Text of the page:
A Brief History of Lasagna


It seems like everyone has a favorite recipe for lasagna, but have you ever wondered about the origins of this ubiquitous comfort food? Like the earliest iteration of pizza, and many other great feats of mankind, the history of lasagna has been traced all the way back to the ancient Greeks.

When the Romans overthrew Greece and occupied the country around 146 BC, they set about adopting local knowledge, culture, language and food as their own. The Greek word laganon, used to describe flat dough sliced into strips, is believed to be the origin of the word lasagna. While the Greeks didn't invent the hearty pasta dish we know and love, they at least inspired one of the world's oldest pastas.

Modern day lasagna, the richly layered dish swimming in sumptuous tomato sauce, made its debut in Naples, Italy, during the Middle Ages. Laboriously crafted and fit for a crowd, lasagna was savored on special occassions. While traditional Italian lasagna features ragù, béchamel and Parmigiano-Reggiano hugged between layers of pasta, Italian immigrants brought their favorite variations to America beginning in the late 1800s. While some prefer a meatier sauce made with pork or ground beef, others added roasted vegetables and spinach to the layers.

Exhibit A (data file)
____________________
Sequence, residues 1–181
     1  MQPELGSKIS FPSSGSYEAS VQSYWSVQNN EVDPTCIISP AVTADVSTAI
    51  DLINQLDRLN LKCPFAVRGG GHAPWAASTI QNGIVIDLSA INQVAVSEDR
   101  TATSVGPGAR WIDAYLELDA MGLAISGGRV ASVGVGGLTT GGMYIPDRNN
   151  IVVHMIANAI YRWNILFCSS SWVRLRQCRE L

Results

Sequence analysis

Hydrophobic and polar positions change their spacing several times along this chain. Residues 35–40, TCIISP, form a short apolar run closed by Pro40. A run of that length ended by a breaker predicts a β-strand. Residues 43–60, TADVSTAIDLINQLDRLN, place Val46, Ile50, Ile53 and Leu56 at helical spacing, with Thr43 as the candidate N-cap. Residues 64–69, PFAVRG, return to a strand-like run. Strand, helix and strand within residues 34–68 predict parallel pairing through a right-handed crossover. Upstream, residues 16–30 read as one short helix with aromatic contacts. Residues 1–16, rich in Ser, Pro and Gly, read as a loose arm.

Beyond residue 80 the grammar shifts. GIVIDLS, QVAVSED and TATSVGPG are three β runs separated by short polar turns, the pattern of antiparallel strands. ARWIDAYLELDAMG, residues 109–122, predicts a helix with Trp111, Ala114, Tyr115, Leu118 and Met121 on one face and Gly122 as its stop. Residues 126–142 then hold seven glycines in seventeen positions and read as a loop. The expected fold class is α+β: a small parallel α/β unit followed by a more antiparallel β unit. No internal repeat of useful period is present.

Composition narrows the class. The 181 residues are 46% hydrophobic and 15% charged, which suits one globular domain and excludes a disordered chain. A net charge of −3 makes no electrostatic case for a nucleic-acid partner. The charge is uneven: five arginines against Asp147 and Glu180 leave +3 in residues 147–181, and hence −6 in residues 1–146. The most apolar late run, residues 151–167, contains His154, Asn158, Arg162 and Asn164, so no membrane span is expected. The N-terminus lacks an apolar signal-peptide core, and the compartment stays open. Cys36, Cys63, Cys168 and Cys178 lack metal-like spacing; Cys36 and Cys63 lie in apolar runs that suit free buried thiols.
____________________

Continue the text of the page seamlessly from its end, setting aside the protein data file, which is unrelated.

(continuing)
Our spin on the classic is layer upon layer of pasta, roasted red peppers, spinach, onions, pesto, ricotta, provolone and mozzarella in a savory tomato sauce. We serve it up with a freshly baked Macrina Bakery breadstick, just soft enough to soak up any extra sauce. Get a taste of our Lasagna with $2 off this month when you mention February’s Frequent Pie-er deal.